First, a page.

Every Mann’s Real Estate Shares 20 Years of Industry Wisdom
by Charlie Finnerty
Alan Mann has been in Queens real estate for two decades, focusing on the neighborhoods he has known since growing up in Elmhurst. As a true expert in Queens real estate, he knows just about every home in the area and now shares his experience and knowledge in his weekly “Every Mann’s Real Estate” video series where he does bite-sized deep dives into the industry.
“I literally knew just about every brick in Elmhurst, Forest Hills, Kew Gardens and Briarwood before from the outside, now I know them all from the inside,” Mann said. “You do 300, 400 transactions and you’ve probably sold a lot of the houses in these areas, but more importantly, I’ve probably sold three or four co-ops in every building.”
Like many New Yorkers, Mann said one of the things he loves the most about his Forest Hills neighborhood is access to transportation.
“I’m probably the only realtor that doesn’t own a home. I’ve been living in a rent-stabilized apartment for the last 40 years,” Mann said. “What I’ve always loved about Forest Hills, Rego Park and Kew Gardens is that we don’t get in the car every day. I don’t think I physically could live somewhere where I had to get in a car to get a quart of milk.”
Mann has lived two lives, his first as a traveling shoe sales representative for 20 years and now with the same amount of time spent in real estate. Neither line of work offers a steady scheduled paycheck, meaning he has always been reliant on his ability to secure a commission to pay the bills. His wife has a rare disability and has been unable to work for some time.
“In the businesses I’ve been in, being a rep on the road or being a realtor, if you don’t realize that you need to live beneath your means, you’re stupid,” Mann said. “Sometimes you don’t get a paycheck for three months, it’s a scary thing.”
After exiting the shoe sales business, he spent months applying for jobs before coming across a pamphlet advertising adult-education real estate classes.
“There was a pamphlet downstairs in my building. Debbie, my wife, brought it up,” Mann said. “She said, ‘Look, they give a real estate course two nights a week at Forest Hills High. Why don’t you go over and maybe you’ll get into it? At least he’ll get you out of the house.’”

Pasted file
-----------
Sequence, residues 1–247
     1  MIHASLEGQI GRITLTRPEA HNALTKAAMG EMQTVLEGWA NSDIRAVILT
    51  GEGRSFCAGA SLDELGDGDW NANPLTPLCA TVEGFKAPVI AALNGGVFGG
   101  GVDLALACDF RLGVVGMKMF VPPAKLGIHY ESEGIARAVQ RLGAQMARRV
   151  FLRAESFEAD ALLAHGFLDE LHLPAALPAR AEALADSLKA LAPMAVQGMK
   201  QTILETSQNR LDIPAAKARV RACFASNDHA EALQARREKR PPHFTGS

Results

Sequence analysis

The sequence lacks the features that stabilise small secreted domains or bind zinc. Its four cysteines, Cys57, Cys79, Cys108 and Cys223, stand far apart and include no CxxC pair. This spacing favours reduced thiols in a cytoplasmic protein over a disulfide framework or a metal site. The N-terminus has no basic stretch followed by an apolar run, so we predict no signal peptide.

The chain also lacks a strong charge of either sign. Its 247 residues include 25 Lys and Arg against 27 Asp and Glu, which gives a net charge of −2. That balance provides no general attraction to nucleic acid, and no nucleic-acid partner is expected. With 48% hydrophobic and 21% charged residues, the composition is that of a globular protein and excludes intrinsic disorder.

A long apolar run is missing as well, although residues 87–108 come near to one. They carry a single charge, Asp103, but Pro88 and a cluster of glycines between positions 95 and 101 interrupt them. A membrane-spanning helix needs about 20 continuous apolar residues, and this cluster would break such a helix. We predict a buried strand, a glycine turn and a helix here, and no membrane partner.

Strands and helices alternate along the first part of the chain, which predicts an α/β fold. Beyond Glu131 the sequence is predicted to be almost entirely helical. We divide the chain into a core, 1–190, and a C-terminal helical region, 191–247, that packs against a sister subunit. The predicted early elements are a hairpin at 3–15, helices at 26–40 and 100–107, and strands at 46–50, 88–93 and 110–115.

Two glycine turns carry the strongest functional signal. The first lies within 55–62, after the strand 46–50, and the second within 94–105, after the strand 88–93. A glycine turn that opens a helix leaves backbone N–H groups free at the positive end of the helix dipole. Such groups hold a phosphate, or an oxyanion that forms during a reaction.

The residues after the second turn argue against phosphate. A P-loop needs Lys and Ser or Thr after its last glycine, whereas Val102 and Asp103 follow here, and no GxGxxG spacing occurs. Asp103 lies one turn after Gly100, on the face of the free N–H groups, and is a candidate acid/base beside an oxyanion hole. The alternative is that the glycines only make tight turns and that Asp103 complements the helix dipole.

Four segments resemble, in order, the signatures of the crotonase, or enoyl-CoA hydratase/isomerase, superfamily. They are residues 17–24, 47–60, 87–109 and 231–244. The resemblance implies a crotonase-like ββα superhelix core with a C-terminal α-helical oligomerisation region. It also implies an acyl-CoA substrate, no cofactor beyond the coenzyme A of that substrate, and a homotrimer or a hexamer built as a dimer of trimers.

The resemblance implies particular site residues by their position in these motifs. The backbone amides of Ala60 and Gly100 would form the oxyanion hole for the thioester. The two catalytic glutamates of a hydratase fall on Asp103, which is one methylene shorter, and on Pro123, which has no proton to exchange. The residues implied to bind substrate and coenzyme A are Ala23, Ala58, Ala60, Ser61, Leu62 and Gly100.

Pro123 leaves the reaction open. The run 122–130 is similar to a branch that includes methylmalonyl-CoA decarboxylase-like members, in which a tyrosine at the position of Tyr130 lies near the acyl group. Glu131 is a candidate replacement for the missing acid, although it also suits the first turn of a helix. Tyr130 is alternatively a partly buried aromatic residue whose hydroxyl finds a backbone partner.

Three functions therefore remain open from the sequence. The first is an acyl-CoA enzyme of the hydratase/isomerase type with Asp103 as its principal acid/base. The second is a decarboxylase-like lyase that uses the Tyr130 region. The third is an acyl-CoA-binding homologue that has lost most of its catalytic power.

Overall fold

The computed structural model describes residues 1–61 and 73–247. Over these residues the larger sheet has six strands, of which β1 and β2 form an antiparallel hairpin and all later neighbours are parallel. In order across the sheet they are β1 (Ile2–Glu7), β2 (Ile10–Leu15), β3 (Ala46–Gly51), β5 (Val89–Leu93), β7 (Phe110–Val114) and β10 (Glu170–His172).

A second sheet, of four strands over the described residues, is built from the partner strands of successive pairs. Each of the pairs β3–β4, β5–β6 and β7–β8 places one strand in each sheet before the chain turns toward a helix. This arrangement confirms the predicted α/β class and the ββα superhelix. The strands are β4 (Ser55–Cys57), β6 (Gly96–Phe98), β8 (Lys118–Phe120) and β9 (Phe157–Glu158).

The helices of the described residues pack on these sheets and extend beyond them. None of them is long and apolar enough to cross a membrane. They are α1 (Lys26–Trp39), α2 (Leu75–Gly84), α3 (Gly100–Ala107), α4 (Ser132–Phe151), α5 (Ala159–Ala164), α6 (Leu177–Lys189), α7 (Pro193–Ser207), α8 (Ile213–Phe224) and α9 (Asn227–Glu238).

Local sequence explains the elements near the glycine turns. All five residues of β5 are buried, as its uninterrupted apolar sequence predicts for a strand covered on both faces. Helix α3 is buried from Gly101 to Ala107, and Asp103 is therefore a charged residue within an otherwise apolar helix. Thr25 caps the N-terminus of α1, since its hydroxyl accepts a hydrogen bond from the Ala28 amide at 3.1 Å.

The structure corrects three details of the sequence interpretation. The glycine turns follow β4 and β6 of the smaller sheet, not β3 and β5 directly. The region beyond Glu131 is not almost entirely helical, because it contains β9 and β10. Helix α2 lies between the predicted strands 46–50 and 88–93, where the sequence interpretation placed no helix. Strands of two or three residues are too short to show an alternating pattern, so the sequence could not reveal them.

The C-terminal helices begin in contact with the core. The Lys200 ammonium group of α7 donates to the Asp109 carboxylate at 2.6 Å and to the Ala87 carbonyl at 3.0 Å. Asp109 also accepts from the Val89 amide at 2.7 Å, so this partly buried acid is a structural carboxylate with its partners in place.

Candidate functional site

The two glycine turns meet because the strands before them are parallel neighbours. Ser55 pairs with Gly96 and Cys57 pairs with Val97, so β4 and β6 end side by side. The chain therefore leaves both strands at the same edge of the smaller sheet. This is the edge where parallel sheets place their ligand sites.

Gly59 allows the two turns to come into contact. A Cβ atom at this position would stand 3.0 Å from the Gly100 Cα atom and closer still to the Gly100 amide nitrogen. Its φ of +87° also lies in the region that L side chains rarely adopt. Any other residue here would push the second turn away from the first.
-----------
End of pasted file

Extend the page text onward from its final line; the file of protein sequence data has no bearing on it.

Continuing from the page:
Mann recalls his teacher telling the class that it would not be a fast-track course to get their license as easily as possible, but rather a place to properly learn the real estate business.
“I became that guy. Remember that guy or girl in high school you hated? They sat in the front of the class and said ‘Oh! Oh! Oh!’ at every question? I became that guy in the class, there was something about it,” Mann said.
Mann and Debbie continued to scour newspaper job listings while he prepared for his license exam and came across a listing at a real estate agency looking for new hires. Mann called the number on the listing and when the manager picked up the phone, talked with her for about half an hour about the business before telling her that he had not been licensed yet.
“She went quiet. I said, ‘Are you there?’ and she said, ‘Well yeah but Alan I’m not even supposed to talk to you until you have your license, but there’s this very strange thing.’ I said, ‘What’s that?’ and she told me, ‘I’ve been in the business 30 years and you’re the best prepared person I’ve ever spoken to.’”
The manager told Mann she was confident he would pass the test with a perfect score. He called her back once he was licensed and was hired the next day.
“When you work for a mom and pop realtor, the things you don’t get that you would get at a big company is the training,” Mann said. “I learned real estate all by myself. You’re bringing all your own signs to open houses, everything you do is very much your own self.”
Today, Mann works at national industry powerhouse Douglas Elliman where he is still devoted to suburban residential sales in the same Queens neighborhoods he has always known and loved.
“I always knew I’d never be the top agent here,” Elliman said. “In the Hamptons the houses are all $10 million, in the city the co-ops are all $4 million, while I’m dealing with studios that are $100,000.”
Mann said the unique relationship of a hyper-local real estate agent keeps him connected to the communities he serves while he looks forward to closing the last few years of his career.
“The business is really a crapshoot but, at the same time, it’s very rewarding,” Mann said. “You don’t realize the benefits of finding somebody a home. How that binds you with them forever.”